Tech Buyers Guide
The Challenges of Information Technology Today
If you are an IT executive today then you are very likely being challenged by issues and
circumstances that are uniquely more complicated than anything previously faced by managers of
First among these are the ramifications of the unprecedented investment in IT infrastructure that
was made over the last ten years. The larger part of this IT infrastructure investment was directed
towards core business operational requirements such as resource planning, supply chain
management, human resource management, and customer relationship management. These
were very ambitious projects with extraordinary costs, many of which are still in the process of
being implemented and absorbed within the enterprise or at the business unit level. The
information that resides in these various applications has global value throughout the organization
but its availability is constrained by the specific functionality of each respective system and
specialized knowledge is required to access it. Because there are dozens, if not hundreds, of
these separate and diverse systems, the backlog of application integration projects and the
budget for them is growing daily.
In addition, the economy has recently experienced a significant and difficult adjustment. These
major IT investments were made during a boom period when double-digit top line growth was the
norm. This is no longer the case and the impact has been swift and harsh. Budgets have been
cut, operational resources have been scaled back and capital investment requirements are
carefully scrutinized. The mantra today is more must be done with less.
Yet despite the economic conditions, innovations in information technology continue to advance
at an overwhelming pace. The Internet and the World Wide Web were the driving forces behind
this acceleration and they continue to be so. They provided the impetus for the distributed
computing model, which accounted for the wholesale rearrangement of the IT architectural
landscape over the last five years. And the momentum for this distributed dynamic continues to
grow, as evidenced by the emergence of Web Services, an exciting technology that represents
the programmatic enablement of the Web. To ignore these important innovations leaves one
potentially exposed to competitive disadvantage in the short and long term.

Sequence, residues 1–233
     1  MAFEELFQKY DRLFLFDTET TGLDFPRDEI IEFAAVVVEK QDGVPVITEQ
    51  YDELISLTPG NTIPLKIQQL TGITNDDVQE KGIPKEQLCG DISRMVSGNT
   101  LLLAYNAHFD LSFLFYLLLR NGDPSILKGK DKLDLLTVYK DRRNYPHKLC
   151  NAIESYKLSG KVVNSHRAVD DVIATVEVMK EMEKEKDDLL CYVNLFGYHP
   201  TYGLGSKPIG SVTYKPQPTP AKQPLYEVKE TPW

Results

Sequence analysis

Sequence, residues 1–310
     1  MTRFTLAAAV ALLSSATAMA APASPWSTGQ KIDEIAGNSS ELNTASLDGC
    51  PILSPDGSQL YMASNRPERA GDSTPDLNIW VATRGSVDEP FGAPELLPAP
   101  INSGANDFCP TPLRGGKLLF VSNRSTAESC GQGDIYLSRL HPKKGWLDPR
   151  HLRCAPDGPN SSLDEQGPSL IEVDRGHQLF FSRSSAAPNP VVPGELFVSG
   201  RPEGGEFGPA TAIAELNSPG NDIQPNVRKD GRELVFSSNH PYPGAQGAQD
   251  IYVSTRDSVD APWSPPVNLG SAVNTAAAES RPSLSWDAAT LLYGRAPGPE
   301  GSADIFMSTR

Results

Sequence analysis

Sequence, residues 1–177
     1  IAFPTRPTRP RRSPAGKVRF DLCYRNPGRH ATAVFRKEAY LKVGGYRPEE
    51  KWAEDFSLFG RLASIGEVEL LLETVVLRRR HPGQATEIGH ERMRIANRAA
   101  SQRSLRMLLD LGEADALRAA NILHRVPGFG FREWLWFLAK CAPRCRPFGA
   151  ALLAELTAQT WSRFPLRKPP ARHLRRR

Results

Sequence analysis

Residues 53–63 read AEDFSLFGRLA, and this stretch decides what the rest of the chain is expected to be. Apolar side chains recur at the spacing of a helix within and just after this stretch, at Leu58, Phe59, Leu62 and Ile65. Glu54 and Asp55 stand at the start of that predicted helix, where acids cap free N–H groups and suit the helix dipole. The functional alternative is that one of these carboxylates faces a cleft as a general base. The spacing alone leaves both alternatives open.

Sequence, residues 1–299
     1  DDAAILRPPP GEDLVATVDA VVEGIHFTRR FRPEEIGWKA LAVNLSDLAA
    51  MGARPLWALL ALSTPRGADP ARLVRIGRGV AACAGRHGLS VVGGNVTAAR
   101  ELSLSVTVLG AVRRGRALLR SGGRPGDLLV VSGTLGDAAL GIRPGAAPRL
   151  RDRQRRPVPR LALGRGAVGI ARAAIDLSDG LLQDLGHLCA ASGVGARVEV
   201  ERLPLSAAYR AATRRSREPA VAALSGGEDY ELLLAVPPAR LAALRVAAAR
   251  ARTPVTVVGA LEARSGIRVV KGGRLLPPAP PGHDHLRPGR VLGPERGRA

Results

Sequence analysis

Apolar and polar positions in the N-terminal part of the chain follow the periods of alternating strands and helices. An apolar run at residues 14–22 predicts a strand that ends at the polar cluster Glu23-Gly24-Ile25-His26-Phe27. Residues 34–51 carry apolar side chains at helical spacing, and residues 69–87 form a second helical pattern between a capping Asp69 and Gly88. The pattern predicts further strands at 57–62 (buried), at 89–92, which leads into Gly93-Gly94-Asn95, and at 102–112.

Last but not least, the Internet and the World Wide Web forever changed the behavior of people.
By empowering people with direct access to information in real time and anywhere, it raised the
expectations of information technology (and those responsible for it) way above the previous
levels of performance acceptability, in every respect. This phenomenon is impacting every aspect
of business life. Customers, management, workforce, and business partners alike now have a
much higher demand threshold for information than ever before. They want what they want, when
they want it, and how they want it. And they are making their loyalty, productivity and
responsiveness a coefficient of this. This is the new marching order of information technology
Information technology executives have to balance numerous competing contingencies,
expectations, constraints and opportunities. Under these circumstances tactical measures take
on strategic significance, and strategic choices can make or break a company’s future.
The Issue of Complexity
Presently, one of the most difficult problems in any organization is managing the complexity of
embedded IT infrastructure. In large companies there are typically dozens, if not hundreds, of
these systems spread throughout the organization and they provide core operational functions for
the corporate entity or an operational unit. There is nothing inherently wrong about this
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proliferation of heterogeneous systems. Large corporate entities are aggregate entities containing
multiple business units with completely different business models and agendas. The IT
infrastructure should reflect the diversity and multiplicity of business requirements and these
requirements should always drive the choice of technology.
The inherent complexity of an embedded infrastructure is not simply the result of the proliferation
and operation of the systems themselves. This is certainly difficult but it is manageable. What
have become unmanageable, particularly in large organizations, are the development and
integration projects that attempt to extend the functionality of these systems or make the
information that resides in them accessible to other applications.
Everyone today understands the value of timely and accessible information. Certainly this was
the rationale for the decisions to expend tens of millions of dollars to automate core business
processes in the first place. What was not anticipated at the time was how important access to
the information would be outside of the specific functional context of the application it is
generated from. The World Wide Web has educated us in how the value of information increases
in proportion to the number of people who have access to it. And this axiom is even more
demonstrable within the dynamics of a self-defined organization that shares common functional
and economic objectives. Information flow informs opportunities and solutions and makes
efficiencies possible. Consequently, once functionally specific business processes were